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    New gene map reveals cancer's Achilles heel

    Scientists have mapped out the genes that keep our cells alive, creating a long-awaited foothold for understanding how our genome works and which genes are crucial in disease like cancer.
    A team of Toronto researchers, led by Professor Jason Moffat from the University of Toronto's Donnelly Centre, with a contribution from Stephane Angers from the Faculty of Pharmacy, have switched off, one by one, almost 18,000 genes -- 90 per cent of the entire human genome -- to find the genes that are essential for cell survival.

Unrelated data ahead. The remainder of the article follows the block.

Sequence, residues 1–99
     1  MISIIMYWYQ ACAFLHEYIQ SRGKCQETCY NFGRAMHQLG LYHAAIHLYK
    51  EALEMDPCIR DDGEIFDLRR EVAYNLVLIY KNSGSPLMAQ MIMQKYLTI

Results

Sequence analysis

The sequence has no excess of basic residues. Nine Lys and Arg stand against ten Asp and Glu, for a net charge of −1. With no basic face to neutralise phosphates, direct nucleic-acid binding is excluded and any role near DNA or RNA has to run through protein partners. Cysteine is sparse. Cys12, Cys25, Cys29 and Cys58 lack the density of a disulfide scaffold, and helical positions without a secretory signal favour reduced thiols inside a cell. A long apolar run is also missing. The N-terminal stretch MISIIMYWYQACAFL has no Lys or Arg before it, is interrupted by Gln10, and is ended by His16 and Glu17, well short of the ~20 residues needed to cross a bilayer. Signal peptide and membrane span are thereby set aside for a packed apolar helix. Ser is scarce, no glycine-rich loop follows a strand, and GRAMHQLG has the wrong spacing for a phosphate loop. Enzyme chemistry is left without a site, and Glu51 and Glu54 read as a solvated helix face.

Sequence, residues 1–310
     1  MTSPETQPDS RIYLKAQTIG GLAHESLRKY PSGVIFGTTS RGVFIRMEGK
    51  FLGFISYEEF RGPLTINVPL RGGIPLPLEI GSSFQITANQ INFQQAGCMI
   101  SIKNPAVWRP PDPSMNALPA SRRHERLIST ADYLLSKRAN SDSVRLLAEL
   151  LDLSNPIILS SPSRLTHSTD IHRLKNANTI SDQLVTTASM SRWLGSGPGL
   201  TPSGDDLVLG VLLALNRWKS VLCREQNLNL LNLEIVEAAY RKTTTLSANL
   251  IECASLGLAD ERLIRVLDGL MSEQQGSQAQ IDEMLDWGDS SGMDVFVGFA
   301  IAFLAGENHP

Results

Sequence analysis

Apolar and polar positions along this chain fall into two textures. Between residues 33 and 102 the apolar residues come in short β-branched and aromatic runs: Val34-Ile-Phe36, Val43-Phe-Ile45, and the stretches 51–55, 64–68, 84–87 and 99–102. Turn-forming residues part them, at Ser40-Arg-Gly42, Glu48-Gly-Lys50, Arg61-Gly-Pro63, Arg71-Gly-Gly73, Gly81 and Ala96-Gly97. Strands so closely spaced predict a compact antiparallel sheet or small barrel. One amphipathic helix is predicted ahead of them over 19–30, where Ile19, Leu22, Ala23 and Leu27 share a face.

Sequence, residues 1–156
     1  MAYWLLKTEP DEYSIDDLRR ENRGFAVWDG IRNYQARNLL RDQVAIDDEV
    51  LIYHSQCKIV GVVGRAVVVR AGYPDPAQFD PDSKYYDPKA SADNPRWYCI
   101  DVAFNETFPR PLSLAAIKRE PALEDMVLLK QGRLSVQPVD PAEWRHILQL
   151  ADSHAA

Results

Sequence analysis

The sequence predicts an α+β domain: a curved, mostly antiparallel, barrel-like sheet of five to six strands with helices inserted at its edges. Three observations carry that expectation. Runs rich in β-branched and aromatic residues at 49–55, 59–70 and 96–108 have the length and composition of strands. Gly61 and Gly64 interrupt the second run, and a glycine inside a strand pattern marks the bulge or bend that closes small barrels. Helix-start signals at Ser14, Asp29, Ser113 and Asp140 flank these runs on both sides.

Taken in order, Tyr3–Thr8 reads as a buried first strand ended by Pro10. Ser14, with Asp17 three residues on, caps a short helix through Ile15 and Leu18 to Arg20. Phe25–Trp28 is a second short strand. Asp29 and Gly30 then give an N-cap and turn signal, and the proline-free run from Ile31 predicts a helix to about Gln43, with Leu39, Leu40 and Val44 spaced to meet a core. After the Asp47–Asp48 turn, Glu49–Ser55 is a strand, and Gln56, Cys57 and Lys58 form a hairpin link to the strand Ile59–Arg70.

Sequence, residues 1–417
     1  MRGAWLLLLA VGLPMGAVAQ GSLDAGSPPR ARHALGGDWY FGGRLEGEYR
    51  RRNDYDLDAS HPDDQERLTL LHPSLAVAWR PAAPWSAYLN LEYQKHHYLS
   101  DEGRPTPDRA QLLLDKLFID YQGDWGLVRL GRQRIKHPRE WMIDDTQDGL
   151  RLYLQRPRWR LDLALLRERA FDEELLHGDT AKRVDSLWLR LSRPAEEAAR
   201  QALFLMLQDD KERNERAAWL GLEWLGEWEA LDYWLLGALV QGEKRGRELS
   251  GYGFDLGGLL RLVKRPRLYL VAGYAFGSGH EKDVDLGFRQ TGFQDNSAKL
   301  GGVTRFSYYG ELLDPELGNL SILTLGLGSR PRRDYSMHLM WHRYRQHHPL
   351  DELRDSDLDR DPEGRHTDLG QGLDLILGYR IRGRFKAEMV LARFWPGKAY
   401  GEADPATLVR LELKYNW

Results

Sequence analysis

The data, published in Cell on November 25, revealed a "core" set of more than 1,500 essential genes. This lays the foundation for reaching the long-standing goal in biomedical research of pinpointing a role for every single gene in the genome. By turning genes off in five different cancer cell lines, including brain, retinal, ovarian, and two kinds of colorectal cancer cells, the team uncovered that each tumor relies on a unique set of genes that can be targeted by specific drugs. The finding raises hope of devising new treatments that would target only cancer cells, leaving the surrounding healthy tissue unharmed.
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